I have just been listening to last night's Democratic debate, much of which dealt with Iran. All the candidates insisted that they wanted to resolve the issue of Iranian nuclear weapons through diplomacy, and most of them criticized Hillary Clinton--rightly, in my opinion--for supporting the resolution that declared the Republican Guard a terrorist organization. But Tim Russert, moderating, seemed to accept the idea that we had to prevent Iran from getting a nuclear weapon, and he asked all the candidates to pledge that Iran would not get a nuclear weapon while they were President. Most of them did the best that they could to make such a pledge, without promising to go to war. Meanwhile, as a friend of mine pointed out a few weeks ago, Clinton took almost exactly the position on Iraq that Nixon took on Vietnam in 1968--she wants to end the war, but only responsibly.
It occurred to me, first of all, that the whole controversy about Iran reflects how insane the United States has gone since the end of the Cold War. While many of us found Cold War rhetoric frightening at various points, I do not recall any President or candidate threatening preventive war to stop a Communist state from getting nuclear weapons--not even Barry Goldwater in 1964 (when China did explode a nuclear weapon late in the campaign.) We owe some thanks to our parents' generation, apparently, for recognizing that preventive war was not a way of stopping the proliferation of nuclear weapons--even though that option was discussed in Washington both in 1949-51 and in 1964. The Boom generation, of course, wants absolutely to have its way, and has apparently concluded that we have the right to attack any nation we find threatening--even if some of our politicians would prefer not to do so.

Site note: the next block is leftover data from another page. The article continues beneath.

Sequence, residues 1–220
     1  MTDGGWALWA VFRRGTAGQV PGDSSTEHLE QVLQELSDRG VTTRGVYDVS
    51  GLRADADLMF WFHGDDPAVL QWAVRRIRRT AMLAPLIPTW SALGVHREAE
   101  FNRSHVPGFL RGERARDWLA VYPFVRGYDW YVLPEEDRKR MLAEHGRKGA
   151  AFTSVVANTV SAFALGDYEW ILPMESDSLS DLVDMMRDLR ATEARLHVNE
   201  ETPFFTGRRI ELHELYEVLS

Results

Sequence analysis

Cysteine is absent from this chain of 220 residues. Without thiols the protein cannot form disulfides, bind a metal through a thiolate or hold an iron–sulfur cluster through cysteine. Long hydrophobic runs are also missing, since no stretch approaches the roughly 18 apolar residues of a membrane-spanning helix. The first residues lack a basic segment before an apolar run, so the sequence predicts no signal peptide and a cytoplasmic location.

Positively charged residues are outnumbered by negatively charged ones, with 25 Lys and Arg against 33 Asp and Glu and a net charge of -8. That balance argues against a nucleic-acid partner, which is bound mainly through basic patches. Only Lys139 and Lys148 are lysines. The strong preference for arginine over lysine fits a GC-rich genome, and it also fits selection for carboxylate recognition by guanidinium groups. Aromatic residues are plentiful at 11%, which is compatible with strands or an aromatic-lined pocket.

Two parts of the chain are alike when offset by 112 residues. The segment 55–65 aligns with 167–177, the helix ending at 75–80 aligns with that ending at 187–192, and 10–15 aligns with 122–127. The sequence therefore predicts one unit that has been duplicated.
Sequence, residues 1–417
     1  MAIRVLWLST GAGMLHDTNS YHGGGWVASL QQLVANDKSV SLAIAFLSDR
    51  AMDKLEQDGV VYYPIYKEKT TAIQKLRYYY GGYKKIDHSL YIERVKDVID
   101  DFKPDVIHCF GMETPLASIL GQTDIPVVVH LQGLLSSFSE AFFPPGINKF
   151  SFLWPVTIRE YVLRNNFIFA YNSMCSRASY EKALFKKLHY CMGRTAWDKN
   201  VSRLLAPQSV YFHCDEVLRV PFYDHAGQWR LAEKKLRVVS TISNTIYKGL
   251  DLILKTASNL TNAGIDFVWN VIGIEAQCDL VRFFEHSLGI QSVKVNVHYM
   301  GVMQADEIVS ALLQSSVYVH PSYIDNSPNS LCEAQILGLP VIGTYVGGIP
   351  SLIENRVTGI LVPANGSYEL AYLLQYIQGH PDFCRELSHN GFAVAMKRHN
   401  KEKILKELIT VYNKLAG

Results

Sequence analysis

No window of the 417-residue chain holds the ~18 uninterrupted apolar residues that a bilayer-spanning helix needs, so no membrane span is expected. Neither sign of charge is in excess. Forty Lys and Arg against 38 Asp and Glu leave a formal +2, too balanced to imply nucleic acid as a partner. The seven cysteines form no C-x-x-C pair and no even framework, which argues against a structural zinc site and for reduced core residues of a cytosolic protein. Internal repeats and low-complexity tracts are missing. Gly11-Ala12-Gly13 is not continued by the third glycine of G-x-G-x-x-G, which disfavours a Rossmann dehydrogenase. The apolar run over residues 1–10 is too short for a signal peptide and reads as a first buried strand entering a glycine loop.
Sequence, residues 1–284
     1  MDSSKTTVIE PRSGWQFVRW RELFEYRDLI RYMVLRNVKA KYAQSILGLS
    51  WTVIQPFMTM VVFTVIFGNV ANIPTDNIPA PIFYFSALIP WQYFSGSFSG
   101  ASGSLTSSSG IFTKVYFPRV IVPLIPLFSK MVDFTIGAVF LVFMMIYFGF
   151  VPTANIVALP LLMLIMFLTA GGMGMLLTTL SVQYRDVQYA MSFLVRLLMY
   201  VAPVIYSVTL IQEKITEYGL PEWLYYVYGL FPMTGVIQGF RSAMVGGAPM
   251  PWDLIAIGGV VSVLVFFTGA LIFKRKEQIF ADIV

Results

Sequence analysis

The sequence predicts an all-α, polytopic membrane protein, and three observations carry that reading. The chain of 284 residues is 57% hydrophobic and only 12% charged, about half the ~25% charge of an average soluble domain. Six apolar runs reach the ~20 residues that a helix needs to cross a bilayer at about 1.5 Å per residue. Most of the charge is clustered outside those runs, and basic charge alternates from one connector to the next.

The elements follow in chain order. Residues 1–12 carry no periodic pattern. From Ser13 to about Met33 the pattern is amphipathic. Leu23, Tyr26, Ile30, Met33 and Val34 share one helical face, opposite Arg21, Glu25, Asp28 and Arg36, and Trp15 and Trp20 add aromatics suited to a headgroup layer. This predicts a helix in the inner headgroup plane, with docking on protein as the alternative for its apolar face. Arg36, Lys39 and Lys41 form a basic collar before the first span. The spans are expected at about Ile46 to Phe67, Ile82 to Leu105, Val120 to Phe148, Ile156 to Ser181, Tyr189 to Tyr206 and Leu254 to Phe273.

In the midst of all this, however, I was flabbergasted to hear Dennis Kucinich say exactly what I have been saying here repeatedly for three years--that the only way to argue that certain states should not have nuclear weapons is to commit to fulfilling the provisions of the existing Non-Proliferation Treaty (to which he explicitly referred) and commit to a world in which no one will have nuclear weapons. Once again we must credit our parents, who recognized that when they negotiated that treaty in the 1960s and wrote the provision in. But Kucinich, is, of course, a fringe candidate. I have checked the Washington Post, the New York Times, and the LA Times, and none of them reported that statement. Yet it is absolutely true.